Hontiveros tells CHR to probe police ‘rescue’ of Lumad students in Cebu City
MANILA, Philippines — The Commission on Human Rights (CHR) should look into the supposed rescue operation conducted by the police on several members of an indigenous people’s group in an educational center in the University of San Carlos (USC), Senator Risa Hontiveros said Tuesday.
Hontiveros said the CHR should check if the police followed procedures in its supposed rescue operations on the IPs which was launched only parents of six Lumad students allegedly called for help.
While the authorities dubbed the incident as a rescue operation, videos of the scene showed the Lumad children screaming as they were being dragged out of a room.
“The University of San Carlos is a long standing fixture in our academic scene in the Philippines. I respect the expression of the university community, as part of their use of their academic freedom and a further, I support an investigation by the Commission on Human Rights, further investigation of this incident,” Hontiveros said in an interview with ABS-CBN News Channel.
“We’ve heard similar stories before… The CHR, I think is a lead investigative body commission that needs to look into whether proper procedures were observed by the National Police, and whether there were any protocols that were violated,” the senator added.
Hontiveros likewise agreed when asked if she’s seeing a “bigger picture” in terms of the conduct of the police operations, alongside other issues such as the implementation of the Anti-Terrorism Law and the abrogation of the University of the Philippines-Department of National Defense (UP-DND).
“That tone seems to be echoed consistently over the past many months or a few years. It’s a tone that is getting louder. And it seems to be getting even more aggressive or violent. So I think it may be part of a disturbing pattern that is emerging in our society,” Hontiveros said.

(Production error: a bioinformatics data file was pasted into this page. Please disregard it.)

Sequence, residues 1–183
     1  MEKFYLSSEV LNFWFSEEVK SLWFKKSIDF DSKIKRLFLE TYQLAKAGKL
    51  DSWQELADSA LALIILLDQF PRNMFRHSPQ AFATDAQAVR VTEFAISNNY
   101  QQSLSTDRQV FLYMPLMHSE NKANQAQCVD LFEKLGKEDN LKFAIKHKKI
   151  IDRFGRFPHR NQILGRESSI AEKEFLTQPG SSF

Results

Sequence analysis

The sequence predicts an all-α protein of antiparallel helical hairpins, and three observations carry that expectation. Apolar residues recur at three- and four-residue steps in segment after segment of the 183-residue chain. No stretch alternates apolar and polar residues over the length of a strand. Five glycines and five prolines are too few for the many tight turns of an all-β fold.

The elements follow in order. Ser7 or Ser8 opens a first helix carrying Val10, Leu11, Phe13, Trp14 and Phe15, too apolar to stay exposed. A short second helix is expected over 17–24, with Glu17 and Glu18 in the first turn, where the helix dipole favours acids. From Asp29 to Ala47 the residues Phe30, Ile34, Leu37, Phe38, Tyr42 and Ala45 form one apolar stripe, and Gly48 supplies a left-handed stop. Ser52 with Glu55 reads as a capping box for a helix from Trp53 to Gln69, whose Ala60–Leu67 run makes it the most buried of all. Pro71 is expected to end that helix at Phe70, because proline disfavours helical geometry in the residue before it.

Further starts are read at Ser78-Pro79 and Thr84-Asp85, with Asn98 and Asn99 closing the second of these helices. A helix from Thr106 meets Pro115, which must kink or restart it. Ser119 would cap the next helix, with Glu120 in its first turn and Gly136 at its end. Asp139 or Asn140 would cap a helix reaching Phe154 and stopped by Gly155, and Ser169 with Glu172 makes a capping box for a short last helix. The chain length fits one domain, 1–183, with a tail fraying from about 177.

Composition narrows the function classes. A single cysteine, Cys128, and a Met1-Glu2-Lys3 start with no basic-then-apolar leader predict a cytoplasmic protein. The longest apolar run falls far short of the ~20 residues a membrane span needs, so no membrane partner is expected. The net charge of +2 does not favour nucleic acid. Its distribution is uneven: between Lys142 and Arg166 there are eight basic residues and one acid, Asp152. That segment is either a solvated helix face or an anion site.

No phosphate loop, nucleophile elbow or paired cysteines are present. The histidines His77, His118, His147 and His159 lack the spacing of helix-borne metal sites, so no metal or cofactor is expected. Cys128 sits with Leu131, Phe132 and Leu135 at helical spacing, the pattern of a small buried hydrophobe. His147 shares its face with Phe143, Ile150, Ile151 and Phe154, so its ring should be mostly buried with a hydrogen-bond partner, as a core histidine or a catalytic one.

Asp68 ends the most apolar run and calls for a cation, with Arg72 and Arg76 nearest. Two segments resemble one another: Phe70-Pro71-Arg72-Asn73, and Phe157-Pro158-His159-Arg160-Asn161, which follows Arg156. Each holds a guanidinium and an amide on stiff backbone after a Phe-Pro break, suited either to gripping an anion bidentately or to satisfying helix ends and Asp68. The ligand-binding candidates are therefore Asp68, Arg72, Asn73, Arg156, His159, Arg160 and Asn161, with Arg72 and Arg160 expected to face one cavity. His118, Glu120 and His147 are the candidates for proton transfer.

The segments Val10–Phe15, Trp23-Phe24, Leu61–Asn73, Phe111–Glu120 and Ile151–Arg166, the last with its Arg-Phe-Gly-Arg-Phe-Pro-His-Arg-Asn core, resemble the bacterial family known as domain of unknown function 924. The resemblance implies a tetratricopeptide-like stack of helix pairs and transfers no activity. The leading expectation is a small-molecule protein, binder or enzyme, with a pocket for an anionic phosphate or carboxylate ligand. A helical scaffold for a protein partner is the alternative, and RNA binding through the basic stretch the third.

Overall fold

The senator also did not buy the assertion of police that it was a rescue operation if one would just rely “on the simple evidence of your eyes watching the video.”
“Hindi mukhang mga biktimang relieved na nare-rescue yung mga dinakip o taken into custody so that’s why I really believe the CHR needs to look into this,” Hontiveros said.
According to Brig. Gen. Ronnie Montejo, Central Visayas police chief, the rescue operation was launched after parents of at least six of the indigenous children sought authorities’ help.
Montejo said investigation results showed that the IPs, mostly minors, were supposed to be brought only to Davao City in 2018. Parents, he said, were worried since their children have not returned home since then.
“Their children underwent indoctrination and asked to attend rallies (in Cebu City),” Montejo said.
However, in a statement, officials of the Societas Verbi Divini (SVD) or the Society of the Divine Word, the congregation that supervises the USC, said the religious order supported the bakwit, or evacuee, school program of the Cebu archdiocese’s committee on social advocacies.
On March 11, 2020, the SVD fathers hosted a delegation of 42 students, accompanied by five teachers and three community elders, at the SVD-owned retreat house. The delegation was supposed to complete their modular schooling on April 3, 2020 and return the children to their communities.
However, a lockdown in March 2020 adopted by the Cebu City government to prevent coronavirus transmission trapped the delegation in the city.
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